The LEGO Movie 2: The Second Part
The Walking Dead
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All Critics (2)
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Like the films of Polanski and Nicolas Roeg, "Head Trauma" is a slow burn movie, the kind which gradually pulls you deeper and deeper into its own twisted reality.
Much of the time you're guessing what's real and what's not, but it's not done in such a way that you're lost and confused. Instead there's this creepy vibe that crawls across your skin.
In the classic Cat People, Jacques Tourneur played on our fears by capitalizing on ambiguity, terrorizing audiences with a deadly predator that remains sight unseen. In the legendary Jaws, Steven Spielberg played on our fears by capitalizing on our overactive imaginations, frightening audiences with a deadly predator that remains mostly sight unseen. With the psychological thriller Head Trauma, director Lance Weiler's plays on our fears by giving us a mind-bending Rosharch Test in which the protagonist - and the audience by proxy - spirals into a terrifying dreamstate where reality, like ink-blots, evolves out of what we think is seen.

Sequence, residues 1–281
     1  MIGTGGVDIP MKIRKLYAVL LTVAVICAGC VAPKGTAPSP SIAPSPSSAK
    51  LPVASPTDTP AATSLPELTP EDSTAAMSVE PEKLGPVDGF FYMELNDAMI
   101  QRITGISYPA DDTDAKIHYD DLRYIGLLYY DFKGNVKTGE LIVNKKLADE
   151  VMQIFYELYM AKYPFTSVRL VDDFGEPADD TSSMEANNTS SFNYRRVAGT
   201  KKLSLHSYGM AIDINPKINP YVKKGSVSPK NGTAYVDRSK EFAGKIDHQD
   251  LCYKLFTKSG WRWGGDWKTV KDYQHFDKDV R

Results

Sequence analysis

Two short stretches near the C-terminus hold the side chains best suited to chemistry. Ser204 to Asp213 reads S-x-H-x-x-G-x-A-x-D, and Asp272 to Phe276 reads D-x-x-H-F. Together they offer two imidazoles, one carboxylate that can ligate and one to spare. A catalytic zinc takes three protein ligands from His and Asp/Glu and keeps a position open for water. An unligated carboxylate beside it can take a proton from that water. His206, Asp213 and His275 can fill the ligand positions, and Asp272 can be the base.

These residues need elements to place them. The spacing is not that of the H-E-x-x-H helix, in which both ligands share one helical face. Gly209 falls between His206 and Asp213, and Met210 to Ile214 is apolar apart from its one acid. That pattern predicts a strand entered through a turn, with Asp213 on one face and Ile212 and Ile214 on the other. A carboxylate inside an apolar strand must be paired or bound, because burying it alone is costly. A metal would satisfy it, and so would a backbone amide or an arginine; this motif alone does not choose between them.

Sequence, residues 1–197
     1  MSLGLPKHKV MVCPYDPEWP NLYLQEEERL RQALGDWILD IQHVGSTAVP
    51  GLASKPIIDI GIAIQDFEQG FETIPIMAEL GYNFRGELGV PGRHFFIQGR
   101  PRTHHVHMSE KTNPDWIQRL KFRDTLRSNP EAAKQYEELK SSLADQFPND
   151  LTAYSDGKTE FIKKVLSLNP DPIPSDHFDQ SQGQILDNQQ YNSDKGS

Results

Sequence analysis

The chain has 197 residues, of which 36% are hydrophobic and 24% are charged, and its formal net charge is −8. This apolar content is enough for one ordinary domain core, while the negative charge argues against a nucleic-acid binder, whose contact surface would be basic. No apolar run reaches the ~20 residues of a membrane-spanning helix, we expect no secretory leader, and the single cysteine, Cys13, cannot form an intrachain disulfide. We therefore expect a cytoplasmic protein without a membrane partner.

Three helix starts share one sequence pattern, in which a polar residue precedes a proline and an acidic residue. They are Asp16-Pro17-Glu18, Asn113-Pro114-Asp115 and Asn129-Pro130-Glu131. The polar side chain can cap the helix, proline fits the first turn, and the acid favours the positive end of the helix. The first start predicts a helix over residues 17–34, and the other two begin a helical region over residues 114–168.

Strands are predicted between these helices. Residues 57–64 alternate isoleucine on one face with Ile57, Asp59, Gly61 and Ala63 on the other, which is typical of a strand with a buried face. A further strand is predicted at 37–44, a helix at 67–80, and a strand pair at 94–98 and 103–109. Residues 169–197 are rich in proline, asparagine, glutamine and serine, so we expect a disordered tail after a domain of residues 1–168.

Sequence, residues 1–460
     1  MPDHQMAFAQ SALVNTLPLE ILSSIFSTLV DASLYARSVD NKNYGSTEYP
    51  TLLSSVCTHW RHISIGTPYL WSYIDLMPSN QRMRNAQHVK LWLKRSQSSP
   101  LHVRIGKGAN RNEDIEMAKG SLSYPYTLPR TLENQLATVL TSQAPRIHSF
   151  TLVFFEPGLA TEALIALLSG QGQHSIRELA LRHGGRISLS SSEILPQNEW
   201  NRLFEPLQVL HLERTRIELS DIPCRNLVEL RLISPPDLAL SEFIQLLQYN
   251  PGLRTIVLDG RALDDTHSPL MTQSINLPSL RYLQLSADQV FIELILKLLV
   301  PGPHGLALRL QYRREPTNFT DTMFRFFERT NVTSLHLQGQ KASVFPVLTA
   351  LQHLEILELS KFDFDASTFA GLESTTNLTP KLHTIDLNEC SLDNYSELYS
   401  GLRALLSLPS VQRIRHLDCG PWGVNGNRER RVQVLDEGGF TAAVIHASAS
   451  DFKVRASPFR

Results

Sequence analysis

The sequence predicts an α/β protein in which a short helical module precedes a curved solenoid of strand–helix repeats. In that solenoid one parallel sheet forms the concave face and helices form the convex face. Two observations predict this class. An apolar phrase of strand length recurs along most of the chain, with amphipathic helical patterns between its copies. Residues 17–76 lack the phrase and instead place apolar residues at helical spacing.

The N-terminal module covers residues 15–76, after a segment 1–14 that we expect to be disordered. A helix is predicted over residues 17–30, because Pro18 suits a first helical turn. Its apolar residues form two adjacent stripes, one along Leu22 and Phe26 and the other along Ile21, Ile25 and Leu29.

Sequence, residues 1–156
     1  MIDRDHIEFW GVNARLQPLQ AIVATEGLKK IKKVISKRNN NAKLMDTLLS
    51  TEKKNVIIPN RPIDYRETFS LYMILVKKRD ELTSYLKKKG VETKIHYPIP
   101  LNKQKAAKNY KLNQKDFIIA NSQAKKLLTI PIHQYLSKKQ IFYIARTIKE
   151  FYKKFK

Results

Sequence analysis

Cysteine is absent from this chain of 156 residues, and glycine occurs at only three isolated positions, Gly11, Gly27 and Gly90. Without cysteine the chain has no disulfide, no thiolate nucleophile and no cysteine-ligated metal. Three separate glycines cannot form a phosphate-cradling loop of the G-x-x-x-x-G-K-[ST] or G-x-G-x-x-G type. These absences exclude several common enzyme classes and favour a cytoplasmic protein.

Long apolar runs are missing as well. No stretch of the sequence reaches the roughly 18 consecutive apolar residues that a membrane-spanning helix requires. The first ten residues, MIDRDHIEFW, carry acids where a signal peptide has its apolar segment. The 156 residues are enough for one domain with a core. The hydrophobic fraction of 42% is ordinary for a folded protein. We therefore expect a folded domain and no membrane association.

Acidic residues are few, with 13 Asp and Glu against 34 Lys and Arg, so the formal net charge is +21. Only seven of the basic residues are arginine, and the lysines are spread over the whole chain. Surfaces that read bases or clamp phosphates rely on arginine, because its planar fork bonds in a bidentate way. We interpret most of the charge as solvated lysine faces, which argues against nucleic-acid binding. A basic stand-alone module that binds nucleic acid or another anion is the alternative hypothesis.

After a 20 year absence, a drifter with a troubled past (Mola), returns home to settle his grandmother's estate, only to find that her house is scheduled for demolition. As he tries to save his legacy from the wrecking ball with the help of some friends (Mangan, Monahan), a series of disturbing nightmares threatens to unravel a deeply repressed secret involving a mysterious young woman (Brandee Sanders).
Like Tourneur and Speilberg in the early stage of their careers, Weiler has a limited bag of tricks due to a restrictive budget, but resourcefully uses it well. Having honed his skills well on the cunning shocker The Last Broadcast, he shuffles the base aesthetics and a tricked-out soundtrack into a scary-as-hell narrative that seems almost epic, if only because he is playing with our own skewered perception. The fine cast fires on all cylinders, making the tale all the scarier because they look so terrifyingly, well, normal. Weiler learned well: An audience certainly does not need an airbrushed Sarah Michelle Gellar crawling around in leather pants to signify ultimate terror.
Bottom line: Get some Head.
I could be locked in a room for fifty years, with no audio or visual stimulation of any kind, and wake up one morning and see a television playing this movie and I'd still turn it off halfway through.
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